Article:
The spiritual gurus whose videos I watched seemed genuinely helpful, or at least benign, but there are of course also those whose teachings may be dangerous. Spiritual teachers who discuss issues such as depression, addiction, anxiety and so on target individuals who are struggling in some way. There is no meaningful way of accounting for what viewers are taking from these videos, and how it affects their mental health. Turning to a spiritual practice is for many people a good way to deal with these issues, and yet because the online spiritual gurus rarely see their followers, they cannot be responsible for how their guidance is received.

Social media may be contributing to a new spiritual turn, but these online practices present unique issues. Traditionally, in the major religions at least, spiritual practice involves acts of service, within a robust moral framework, and often a degree of study and reading—rather than simply a desire for transcendence and escape. It requires a communal foundation that can produce real empathy and actual transformation of life—people helping one another, essentially. But despite the rhetoric of cohesion and peace, current trends of spiritual gurus are profit-driven and atomising. The detachment and dissociation inherent in social media relationships, spiritual or otherwise, can lead to loneliness. Watching these videos can perpetuate a loop of seeking connection and finding only the illusion of connection.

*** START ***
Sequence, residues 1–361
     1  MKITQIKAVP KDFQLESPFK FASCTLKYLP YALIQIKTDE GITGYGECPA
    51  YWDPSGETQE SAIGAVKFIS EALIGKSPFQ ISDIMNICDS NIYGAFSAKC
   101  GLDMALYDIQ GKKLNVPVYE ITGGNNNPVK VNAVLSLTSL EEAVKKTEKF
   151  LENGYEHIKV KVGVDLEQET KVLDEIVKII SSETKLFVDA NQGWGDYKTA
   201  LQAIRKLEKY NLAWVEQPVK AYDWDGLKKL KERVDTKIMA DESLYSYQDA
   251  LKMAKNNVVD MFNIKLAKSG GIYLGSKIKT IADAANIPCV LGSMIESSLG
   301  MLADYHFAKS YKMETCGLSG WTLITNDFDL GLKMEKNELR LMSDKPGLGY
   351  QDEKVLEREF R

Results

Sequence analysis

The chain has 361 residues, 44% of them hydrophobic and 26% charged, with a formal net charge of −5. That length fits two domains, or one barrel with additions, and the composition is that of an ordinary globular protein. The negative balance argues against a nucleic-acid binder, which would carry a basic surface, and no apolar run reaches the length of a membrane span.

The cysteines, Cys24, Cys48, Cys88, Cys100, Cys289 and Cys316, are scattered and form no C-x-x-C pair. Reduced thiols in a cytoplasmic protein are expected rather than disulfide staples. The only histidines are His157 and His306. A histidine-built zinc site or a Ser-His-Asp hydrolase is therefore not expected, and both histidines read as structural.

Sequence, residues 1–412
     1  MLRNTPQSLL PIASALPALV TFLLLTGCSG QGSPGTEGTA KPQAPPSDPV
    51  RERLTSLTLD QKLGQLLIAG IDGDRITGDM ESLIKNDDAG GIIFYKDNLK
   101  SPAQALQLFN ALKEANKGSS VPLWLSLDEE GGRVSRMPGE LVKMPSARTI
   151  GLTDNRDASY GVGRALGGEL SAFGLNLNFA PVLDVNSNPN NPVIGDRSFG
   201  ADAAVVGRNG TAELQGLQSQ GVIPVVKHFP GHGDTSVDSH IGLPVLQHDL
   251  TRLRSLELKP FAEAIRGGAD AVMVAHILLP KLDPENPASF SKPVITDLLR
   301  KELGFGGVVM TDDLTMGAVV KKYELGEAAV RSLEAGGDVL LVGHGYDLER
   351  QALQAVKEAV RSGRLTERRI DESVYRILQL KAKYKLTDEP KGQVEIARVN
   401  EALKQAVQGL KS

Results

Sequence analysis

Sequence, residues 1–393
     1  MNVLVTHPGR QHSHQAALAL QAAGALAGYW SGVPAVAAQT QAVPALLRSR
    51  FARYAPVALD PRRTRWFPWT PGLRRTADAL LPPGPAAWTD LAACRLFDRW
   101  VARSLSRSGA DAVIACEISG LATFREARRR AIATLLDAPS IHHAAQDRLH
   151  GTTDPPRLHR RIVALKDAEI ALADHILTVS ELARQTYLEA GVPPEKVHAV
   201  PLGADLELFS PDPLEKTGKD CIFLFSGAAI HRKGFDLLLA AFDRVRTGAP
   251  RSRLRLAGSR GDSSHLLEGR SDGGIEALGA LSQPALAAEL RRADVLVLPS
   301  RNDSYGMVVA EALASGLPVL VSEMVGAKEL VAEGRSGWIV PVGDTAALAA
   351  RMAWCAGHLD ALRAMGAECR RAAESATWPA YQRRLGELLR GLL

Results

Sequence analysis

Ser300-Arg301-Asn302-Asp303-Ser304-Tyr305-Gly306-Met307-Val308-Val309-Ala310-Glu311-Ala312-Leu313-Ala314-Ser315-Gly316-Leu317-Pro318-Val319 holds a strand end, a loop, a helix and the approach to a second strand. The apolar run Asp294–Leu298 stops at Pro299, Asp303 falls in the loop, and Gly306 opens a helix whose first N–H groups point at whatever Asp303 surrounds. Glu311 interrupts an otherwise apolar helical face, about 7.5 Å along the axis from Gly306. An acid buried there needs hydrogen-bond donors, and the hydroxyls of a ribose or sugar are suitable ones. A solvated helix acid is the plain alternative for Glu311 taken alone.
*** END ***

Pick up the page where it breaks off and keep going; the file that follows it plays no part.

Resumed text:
In this way, my unexpectedly online spiritual journey helped me appreciate the necessity of acts of service, study and being physically part of any spiritual practice—and life itself. Simply desiring abundance or peace, while remaining detached from physical reality, was not enough. In that regard, I have only gratitude for the online gurus who by accident or design nudged me in that direction, and therefore stayed true to their word. In the monotonous and hypnotising online world, perhaps they did prove to be the antithesis after all, pushing me (mostly) offline in the end, away from the false light and false idols of the screen.